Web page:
The compositions described in the above Examples are outstandingly useful for topical administration to humans for the treatment of inflammatory conditions and of viral infections.

Patent Citations
Cited PatentFiling datePublication dateApplicantTitle
US343660 *Jun 15, 1886 Beenaed faeley
US1976668 *Jul 21, 1932Oct 9, 1934Macandrews & Forbes CoPharmaceutical preparation
US3934027 *Jun 24, 1974Jan 20, 1976Pfizer Inc.18β-Glycyrrhetinic acid amides useful as antiulcer agents
US3944660 *Nov 28, 1973Mar 16, 1976Biorex Laboratories, LimitedPharmaceutical composition
US4406882 *Jan 25, 1982Sep 27, 1983Biorex Laboratories LimitedPharmaceutical composition for treating diseases of the oral cavity
GB950777A * Title not available
GB1124976A * Title not available
GB1401360A * Title not available
Referenced by
Citing PatentFiling datePublication dateApplicantTitle
US4961927 *Nov 25, 1987Oct 9, 1990Eisai Co., Ltd.Clear solution containing lysozyme hydrochloride and dipotassium glycyrrhizinate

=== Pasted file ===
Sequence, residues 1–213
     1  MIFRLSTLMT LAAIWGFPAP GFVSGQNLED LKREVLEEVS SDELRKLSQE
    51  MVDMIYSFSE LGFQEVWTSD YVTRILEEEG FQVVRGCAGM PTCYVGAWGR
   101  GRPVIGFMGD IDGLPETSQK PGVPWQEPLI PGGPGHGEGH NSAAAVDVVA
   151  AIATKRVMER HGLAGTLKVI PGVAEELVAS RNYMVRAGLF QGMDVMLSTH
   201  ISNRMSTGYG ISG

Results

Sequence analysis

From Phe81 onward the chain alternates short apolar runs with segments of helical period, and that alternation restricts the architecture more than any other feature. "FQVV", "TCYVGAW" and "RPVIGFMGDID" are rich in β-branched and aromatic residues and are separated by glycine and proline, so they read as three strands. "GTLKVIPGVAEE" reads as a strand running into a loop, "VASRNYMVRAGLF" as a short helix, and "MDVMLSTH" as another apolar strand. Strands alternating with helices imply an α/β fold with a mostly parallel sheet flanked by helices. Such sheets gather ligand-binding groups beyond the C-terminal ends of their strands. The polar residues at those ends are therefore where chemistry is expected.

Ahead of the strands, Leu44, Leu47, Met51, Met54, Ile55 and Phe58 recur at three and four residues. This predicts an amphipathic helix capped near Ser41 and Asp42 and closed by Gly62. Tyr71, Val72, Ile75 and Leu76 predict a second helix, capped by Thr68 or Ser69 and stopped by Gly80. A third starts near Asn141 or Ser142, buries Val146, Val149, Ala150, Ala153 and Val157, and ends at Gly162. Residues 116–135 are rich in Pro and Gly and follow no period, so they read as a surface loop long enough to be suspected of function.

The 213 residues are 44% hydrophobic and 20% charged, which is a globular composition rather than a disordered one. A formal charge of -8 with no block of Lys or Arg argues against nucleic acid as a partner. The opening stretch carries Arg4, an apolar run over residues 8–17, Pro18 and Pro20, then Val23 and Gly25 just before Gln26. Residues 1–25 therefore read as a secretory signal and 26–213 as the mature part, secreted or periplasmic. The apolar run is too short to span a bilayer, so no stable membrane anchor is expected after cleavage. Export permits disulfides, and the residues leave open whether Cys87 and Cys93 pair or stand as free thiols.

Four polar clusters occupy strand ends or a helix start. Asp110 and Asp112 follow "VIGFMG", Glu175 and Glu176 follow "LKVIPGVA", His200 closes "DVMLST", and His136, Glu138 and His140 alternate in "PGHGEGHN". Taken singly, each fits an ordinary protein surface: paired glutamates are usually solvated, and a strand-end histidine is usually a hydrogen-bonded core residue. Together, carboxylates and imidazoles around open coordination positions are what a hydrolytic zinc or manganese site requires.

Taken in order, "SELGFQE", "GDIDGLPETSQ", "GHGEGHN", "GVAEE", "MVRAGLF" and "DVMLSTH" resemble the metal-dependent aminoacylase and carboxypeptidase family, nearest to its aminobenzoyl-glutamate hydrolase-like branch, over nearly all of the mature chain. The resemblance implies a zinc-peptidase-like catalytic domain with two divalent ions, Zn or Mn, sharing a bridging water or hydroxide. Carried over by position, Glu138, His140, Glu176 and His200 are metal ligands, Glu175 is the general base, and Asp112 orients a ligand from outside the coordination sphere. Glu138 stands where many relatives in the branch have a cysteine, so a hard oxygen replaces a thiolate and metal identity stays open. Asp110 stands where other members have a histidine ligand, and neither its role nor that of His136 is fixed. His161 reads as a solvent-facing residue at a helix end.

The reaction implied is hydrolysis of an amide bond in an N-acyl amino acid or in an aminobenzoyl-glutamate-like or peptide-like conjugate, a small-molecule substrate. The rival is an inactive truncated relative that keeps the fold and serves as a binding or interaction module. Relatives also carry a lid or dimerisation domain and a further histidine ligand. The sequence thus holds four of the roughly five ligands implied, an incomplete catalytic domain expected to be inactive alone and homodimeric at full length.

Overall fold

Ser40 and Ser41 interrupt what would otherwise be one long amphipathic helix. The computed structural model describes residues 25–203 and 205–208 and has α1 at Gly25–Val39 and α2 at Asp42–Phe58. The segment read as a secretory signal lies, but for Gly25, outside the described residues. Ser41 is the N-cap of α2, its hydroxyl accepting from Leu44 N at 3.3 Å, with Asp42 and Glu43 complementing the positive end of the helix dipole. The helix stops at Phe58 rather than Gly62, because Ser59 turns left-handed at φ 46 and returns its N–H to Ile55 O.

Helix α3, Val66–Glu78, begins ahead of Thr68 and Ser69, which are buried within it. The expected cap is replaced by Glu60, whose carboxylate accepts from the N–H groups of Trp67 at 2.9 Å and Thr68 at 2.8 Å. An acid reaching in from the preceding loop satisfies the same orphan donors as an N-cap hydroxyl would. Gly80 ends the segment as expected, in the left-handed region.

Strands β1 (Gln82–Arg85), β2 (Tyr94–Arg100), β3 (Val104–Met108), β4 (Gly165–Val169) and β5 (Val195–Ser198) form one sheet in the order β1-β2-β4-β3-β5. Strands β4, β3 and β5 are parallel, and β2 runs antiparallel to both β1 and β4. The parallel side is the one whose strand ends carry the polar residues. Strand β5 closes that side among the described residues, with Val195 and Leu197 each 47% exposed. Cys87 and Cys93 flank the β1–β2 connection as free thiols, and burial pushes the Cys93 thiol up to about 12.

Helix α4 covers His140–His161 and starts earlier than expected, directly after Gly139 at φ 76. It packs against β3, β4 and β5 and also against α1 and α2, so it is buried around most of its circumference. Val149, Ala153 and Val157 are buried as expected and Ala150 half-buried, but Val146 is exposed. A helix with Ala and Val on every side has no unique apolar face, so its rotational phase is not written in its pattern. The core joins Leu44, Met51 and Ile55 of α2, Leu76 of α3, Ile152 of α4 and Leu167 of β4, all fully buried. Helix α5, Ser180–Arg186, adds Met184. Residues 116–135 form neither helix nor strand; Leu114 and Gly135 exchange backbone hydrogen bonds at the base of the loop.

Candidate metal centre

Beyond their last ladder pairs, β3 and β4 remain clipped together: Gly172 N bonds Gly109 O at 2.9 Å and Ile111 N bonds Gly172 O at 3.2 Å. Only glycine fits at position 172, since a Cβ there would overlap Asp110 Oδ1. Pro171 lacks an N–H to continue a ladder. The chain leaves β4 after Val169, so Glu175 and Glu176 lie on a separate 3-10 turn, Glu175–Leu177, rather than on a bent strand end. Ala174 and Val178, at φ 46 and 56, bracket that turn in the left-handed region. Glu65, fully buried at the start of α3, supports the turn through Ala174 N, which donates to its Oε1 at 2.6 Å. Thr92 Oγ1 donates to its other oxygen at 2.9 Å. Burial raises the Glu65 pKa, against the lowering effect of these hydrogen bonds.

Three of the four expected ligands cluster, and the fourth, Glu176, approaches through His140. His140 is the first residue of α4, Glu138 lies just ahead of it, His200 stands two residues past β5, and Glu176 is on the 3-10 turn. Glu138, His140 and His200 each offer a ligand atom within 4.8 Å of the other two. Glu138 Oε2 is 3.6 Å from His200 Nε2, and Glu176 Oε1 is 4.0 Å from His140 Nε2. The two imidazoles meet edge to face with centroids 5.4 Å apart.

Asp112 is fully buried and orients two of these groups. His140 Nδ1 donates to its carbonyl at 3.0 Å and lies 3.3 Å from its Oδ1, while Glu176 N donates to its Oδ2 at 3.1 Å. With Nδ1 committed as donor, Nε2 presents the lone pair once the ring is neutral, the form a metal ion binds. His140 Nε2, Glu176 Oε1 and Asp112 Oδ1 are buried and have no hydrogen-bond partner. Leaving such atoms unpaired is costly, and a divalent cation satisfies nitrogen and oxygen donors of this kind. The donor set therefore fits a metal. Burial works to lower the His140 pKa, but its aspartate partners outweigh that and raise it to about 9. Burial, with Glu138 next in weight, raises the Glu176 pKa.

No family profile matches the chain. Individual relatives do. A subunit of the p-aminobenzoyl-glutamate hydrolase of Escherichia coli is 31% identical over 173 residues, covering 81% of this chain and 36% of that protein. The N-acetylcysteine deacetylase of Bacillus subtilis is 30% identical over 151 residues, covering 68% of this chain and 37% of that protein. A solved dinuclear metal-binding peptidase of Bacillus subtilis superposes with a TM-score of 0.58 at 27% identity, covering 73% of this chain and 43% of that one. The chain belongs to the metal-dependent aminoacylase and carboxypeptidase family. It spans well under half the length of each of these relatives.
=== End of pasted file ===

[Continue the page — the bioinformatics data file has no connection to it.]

US5208031 *Jul 29, 1991May 4, 1993Kelly Patrick DSexual lubricants containing zinc as an anti-viral agent
US5545673 *Jan 3, 1995Aug 13, 1996Kelly; Patrick D.Method for reducing risk of infection by sexually transmitted viruses
US5599551 *Dec 22, 1994Feb 4, 1997Kelly; Patrick D.Genital lubricants containing zinc as an anti-viral agent
US5624675 *Nov 12, 1993Apr 29, 1997Kelly; Patrick D.Genital lubricants containing zinc salts to reduce risk of HIV infection
US5785054 *Jun 5, 1995Jul 28, 1998Kelly; Patrick D.Genital lubricant with zinc salt, labelled as anti-viral agent
US6284289 *Jan 23, 1996Sep 4, 2001Bio Pharma Sciences B.V.Treatment of herpes infection with composition containing quaternary ammonium compound and an anti-viral agent
US6602490 *Mar 4, 2002Aug 5, 2003Richard A. CloonanDental cleaning formulation and manufacturing process
US6844306 *Oct 19, 2001Jan 18, 2005Degussa AgWater-soluble, chlorhexidine-containing compositions and use thereof
US7968122Jun 28, 2011Adventrx Pharmaceuticals, Inc.Anti-viral pharmaceutical compositions
US8470346May 19, 2011Jun 25, 2013Mast Therapeutics, Inc.Anti-viral pharmaceutical compositions